Listening to such a highly-respected writer read her work was truly a spectacular experience. It’s always special to listen to a writer read his or her own work and also receive commentary about it and I encourage everyone to attend a similar event at some point.
When you go to events like these, you get unique information about the work. I loved hearing what inspired Tracy to write each poem and what she was exploring and thinking about along the way. Plus, she had a lot of insight to share. One of my favorite things I learned was how Tracy approaches writing a poem. First, she says, she starts with a question and then she sets out to answer the question. I’ve never thought about writing poetry in this way and it really got my mind turning. For me, on the rare occasion that I choose to write poetry, I am inspired by a phrase that pops into my head.
Tracy also had thoughts on how poetry is taught in school. Instead of focusing on the hidden meaning of things, she suggests focusing first on answering the question: What do you notice? I think that Americans in general aren’t very good at noticing things. We are notorious for going about our business and letting everything else fade into the background. Something that will always stick with me is something I learned from my friend from Japan who now lives in SF. She said that the thing that bugs people from other countries about Americans is the way we’ll converse with someone going the other direction, but keep walking. So, saying Hi how are you just in passing. She says it suggests to others that you’re not really interested and too focused on your task. I do this all the time, and yet, every time I do, I think about this.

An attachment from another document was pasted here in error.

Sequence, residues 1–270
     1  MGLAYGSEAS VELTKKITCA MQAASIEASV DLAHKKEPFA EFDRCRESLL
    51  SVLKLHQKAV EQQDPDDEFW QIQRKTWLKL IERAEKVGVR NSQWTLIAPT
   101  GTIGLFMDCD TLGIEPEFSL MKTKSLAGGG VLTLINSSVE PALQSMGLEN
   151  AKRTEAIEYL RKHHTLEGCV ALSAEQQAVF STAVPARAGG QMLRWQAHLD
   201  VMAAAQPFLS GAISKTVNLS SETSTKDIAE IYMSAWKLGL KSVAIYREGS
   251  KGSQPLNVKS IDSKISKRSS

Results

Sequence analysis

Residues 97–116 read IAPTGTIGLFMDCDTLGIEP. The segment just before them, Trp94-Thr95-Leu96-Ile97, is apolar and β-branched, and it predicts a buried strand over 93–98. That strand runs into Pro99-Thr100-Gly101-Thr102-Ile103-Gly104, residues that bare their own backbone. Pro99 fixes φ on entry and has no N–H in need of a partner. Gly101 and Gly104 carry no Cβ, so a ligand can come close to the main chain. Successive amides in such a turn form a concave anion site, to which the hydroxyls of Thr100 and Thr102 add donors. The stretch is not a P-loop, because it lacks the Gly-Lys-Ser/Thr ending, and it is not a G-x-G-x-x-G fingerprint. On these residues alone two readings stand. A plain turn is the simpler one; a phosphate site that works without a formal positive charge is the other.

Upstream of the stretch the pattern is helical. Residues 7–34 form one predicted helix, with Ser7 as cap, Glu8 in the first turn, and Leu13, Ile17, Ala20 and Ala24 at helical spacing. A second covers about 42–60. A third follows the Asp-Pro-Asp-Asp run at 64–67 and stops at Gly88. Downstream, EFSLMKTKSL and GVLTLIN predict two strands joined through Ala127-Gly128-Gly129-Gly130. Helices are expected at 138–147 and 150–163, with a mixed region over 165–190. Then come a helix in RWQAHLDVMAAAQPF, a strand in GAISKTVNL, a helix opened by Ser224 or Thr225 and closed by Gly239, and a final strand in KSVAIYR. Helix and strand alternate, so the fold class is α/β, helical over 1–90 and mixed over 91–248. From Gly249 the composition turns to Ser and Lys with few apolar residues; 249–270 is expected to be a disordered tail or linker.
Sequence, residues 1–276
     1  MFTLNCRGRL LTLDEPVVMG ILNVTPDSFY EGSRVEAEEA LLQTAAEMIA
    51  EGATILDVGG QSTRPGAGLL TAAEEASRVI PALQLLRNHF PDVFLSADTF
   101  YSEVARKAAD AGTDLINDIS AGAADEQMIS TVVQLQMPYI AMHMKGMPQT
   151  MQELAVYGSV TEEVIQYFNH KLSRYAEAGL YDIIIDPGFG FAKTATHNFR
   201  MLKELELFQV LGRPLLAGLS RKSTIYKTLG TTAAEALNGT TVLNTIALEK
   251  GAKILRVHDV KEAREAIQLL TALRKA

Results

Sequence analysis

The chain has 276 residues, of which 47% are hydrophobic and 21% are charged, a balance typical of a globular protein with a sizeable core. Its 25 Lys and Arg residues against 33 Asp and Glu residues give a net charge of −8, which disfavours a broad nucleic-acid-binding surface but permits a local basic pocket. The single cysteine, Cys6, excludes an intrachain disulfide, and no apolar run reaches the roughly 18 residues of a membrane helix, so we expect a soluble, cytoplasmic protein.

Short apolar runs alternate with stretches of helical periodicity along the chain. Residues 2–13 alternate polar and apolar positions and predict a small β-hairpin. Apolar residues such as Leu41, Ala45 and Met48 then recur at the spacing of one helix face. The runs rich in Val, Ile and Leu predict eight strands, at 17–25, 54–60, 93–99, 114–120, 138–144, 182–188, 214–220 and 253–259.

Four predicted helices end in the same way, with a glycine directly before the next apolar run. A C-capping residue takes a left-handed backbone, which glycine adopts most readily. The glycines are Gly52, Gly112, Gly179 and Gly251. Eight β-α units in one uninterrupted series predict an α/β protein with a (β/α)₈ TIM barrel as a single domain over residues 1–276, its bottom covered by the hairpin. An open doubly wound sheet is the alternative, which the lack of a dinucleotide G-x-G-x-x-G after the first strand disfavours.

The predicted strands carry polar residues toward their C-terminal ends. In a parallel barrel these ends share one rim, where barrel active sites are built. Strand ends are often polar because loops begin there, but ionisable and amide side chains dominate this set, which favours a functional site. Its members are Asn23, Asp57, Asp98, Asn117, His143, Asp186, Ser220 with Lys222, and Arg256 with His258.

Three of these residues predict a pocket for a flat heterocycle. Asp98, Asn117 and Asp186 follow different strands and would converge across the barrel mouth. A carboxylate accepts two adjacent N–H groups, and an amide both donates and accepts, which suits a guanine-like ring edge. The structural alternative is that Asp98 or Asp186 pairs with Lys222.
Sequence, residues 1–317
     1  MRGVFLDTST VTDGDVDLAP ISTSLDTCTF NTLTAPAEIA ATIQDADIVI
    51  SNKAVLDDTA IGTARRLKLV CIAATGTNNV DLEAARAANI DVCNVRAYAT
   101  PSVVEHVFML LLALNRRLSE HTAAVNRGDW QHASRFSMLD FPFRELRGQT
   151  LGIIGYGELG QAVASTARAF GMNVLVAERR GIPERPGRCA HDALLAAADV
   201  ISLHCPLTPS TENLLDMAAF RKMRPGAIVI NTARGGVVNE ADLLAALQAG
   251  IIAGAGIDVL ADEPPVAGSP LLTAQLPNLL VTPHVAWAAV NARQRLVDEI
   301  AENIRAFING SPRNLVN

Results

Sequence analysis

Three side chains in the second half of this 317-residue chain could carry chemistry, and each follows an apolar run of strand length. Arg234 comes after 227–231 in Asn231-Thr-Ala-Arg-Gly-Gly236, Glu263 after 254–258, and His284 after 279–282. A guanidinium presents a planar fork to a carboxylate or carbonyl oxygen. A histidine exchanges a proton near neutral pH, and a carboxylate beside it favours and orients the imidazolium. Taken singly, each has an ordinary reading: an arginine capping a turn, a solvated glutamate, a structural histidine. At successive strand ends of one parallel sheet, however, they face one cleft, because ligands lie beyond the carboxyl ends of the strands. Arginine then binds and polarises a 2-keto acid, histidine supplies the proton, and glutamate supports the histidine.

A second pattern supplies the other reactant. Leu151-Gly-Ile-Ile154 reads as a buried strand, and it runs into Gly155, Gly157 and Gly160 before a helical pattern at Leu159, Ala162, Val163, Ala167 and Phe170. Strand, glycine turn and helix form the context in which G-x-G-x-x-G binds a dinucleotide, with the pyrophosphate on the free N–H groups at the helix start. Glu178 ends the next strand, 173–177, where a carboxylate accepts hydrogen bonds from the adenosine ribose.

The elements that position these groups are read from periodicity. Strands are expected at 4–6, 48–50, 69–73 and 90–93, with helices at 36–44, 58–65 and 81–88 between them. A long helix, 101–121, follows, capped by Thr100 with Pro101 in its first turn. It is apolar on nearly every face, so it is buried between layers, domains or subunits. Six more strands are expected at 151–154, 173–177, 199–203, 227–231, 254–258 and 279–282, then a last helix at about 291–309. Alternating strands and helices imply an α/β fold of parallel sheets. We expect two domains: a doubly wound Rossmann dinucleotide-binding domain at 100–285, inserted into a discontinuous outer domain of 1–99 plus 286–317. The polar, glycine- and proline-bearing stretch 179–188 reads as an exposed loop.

Anyway, I’m getting off topic here. The audience also asked the inevitable question that, in my not so humble opinion, marks them as wholly out of touch with language, its purpose and its fluidity, by asking what she thinks as a POET about hip-hop and texting (I’m paraphrasing here) and the supposed harm it has done to the English language. Of course, as a student of language, she responded that language changes and that it reflects society and everyone’s experiences. She didn’t disparage people or various pieces of American culture. This, for me, was the expected answer, particularly from someone who has written poems in dialect! Someone may not like the changes happening to our language, but as the ways we interact with each other and the world around us change, so does the way we describe and communicate within those new parameters. Language is a reflection of who we are as a people. Anyway, I’ll jump off my soap box.
Attending the reading with Tracy K. Smith was a twofold experience for me. First, I went as a lover of poetry and poetry readings. But, I also went as a writer. As a fiction writer, poetry still plays a big role in my identity and I find it to be a huge influence on my own personal style and voice. Reading and listening to poetry is one of my secret weapons when it comes to writing rich scenery with lots of detailed descriptions or unique phrases. I’m always interested in a clever turn of phrase and I try to create those where possible in my own writing. I’m definitely part poet, at least, I like to pretend I am. Even if poetry isn’t something that you consider part of your arsenal, I highly encourage you to attend a reading. Poets have a special relationship with words and I find that I think more deeply about words and phrases and come away from a reading with new ideas and ways to look at everyday objects and subjects.
In Kansas City, we are lucky to have such fantastic programming at our local library. Our library consistently brings fascinating people to town to share their work, knowledge and experience with us. If you’re a local, definitely check out the Kansas City Public Library’s upcoming events list!